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Apple joins Amazon, Facebook, Google, IBM and Microsoft in AI initiative

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posted on Feb, 1 2017 @ 10:24 AM
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a reply to: Aazadan

You picture a best-case Utopian society. Be nice if it happens but all things considered (like human greed and fear, and the predictable "transition" period), I seriously doubt it will play that way.

Might materialize after a period of benign neglect and the requisite mop-up - for maybe about 5 million people.

Again though, it would be nice. Might be doable if the public were allowed to make fully informed choices.




posted on Feb, 1 2017 @ 12:03 PM
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posted on Feb, 1 2017 @ 12:24 PM
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a reply to: nOraKat

A deflection-distraction meme.

The elite will leave the masses to starve and die, mop up the survivors, then enjoy a life served by compliant machines.



posted on Feb, 1 2017 @ 07:19 PM
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But back to my original focus. From the OP quote:



...the group will work toward developing standards and ethics around the development and implementation of AI.




I think we have choices to make. Best they be fully informed.

No?



posted on Feb, 1 2017 @ 07:27 PM
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a reply to: soficrow

A Utopian society is hundreds of years off, but it's still what everything is building towards. Automation, which is ultimately all gong to be done by AI's is done to increase productivity and reduce working hours.

Also, people mostly make good choices. On the individual level a lot of people get a lot of things wrong, but crowds are mostly capable of getting it right.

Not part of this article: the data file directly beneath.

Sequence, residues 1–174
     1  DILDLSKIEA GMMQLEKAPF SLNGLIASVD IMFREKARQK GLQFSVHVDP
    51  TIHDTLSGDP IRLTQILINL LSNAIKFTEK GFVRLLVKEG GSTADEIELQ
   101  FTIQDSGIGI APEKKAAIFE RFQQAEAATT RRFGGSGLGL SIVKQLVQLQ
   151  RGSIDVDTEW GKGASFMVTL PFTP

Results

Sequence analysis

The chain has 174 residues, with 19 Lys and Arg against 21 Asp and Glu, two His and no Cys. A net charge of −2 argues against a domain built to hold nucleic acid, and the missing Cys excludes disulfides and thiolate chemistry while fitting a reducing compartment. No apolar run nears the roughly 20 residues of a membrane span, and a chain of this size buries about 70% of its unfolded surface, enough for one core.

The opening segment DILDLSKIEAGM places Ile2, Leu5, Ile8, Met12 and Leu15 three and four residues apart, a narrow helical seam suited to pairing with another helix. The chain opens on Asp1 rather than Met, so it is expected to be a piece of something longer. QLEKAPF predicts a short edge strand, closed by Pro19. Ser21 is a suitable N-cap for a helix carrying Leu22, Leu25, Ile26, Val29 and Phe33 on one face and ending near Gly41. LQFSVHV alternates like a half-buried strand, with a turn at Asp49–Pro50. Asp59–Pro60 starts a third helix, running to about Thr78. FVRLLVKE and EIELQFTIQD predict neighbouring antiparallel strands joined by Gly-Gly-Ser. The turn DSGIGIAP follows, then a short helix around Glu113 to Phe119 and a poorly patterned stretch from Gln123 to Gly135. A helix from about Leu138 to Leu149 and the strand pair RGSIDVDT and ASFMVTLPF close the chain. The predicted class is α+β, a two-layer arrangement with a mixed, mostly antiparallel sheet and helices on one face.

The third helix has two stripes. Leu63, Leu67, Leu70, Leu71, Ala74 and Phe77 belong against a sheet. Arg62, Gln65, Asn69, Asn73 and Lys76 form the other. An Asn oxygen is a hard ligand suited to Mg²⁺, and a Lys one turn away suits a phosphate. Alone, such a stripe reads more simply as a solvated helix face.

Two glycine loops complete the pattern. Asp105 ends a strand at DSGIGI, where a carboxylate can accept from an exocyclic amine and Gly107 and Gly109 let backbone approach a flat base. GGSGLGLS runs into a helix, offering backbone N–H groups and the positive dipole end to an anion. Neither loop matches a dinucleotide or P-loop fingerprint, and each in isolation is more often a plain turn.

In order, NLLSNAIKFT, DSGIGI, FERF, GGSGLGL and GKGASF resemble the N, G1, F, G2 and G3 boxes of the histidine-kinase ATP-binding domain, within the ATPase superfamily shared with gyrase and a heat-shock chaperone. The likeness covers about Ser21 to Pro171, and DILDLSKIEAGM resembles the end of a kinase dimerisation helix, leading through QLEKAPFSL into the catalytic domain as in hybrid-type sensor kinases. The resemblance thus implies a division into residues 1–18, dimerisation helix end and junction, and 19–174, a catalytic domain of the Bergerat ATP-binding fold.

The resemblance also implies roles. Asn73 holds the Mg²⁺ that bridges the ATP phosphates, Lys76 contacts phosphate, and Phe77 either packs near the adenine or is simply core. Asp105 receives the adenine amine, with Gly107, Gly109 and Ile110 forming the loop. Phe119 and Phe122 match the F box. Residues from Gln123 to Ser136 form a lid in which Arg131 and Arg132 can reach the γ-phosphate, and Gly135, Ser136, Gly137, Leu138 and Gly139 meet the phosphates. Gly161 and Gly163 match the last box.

posted on Feb, 1 2017 @ 07:39 PM
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originally posted by: Aazadan
a reply to: soficrow

A Utopian society is hundreds of years off, but it's still what everything is building towards.



A helluva lot can, and will happen in those hundreds of years. None of it Utopian.




Automation... is done to increase productivity and reduce working hours.



Uh huh. Humans Need Not Apply.




Also, people mostly make good choices. On the individual level a lot of people get a lot of things wrong, but crowds are mostly capable of getting it right.



So you're not a big believer in the mob mentality. Nor obviously, in a fully informed populace.






posted on Feb, 4 2017 @ 04:59 PM
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Pertinent:

www.csmonitor.com...



Poker now joins chess, Jeopardy, go, and many other games at which programs outplay people. But poker is different from all the others in one big way: players have to guess based on partial, or "imperfect" information.

...

...no matter how impressive your card skills, your power of prediction is limited by Texas Hold 'em because only certain cards are visible. An ace in your hand and an ace on the table might look like good news, unless your opponent is holding a pair of aces, or worse. No amount of computational power can answer that question.

...

“The typical approach to addressing perfect-information games [like chess] was to search through a game tree to find an optimal path,” he continues. But that’s no good in poker, because without knowing what cards are where, you can’t even figure out where on the tree you are.

Libratus is a whole new kind of machine.

Rather than try to sort through an unknowable tree, it focuses on finding a favorable move that represents a so-called “Nash equilibrium” solution...

You won’t always end up in the best possible situation, but you may be able to avoid the worst outcome.

...

Libratus plays poker in a similar way, never guaranteed to win any particular hand but likely to stay in the black over the long run.

...

People tend to bet and bluff in certain increments, and noticing those patterns helps professionals find an edge, but the computer was hard to read.

...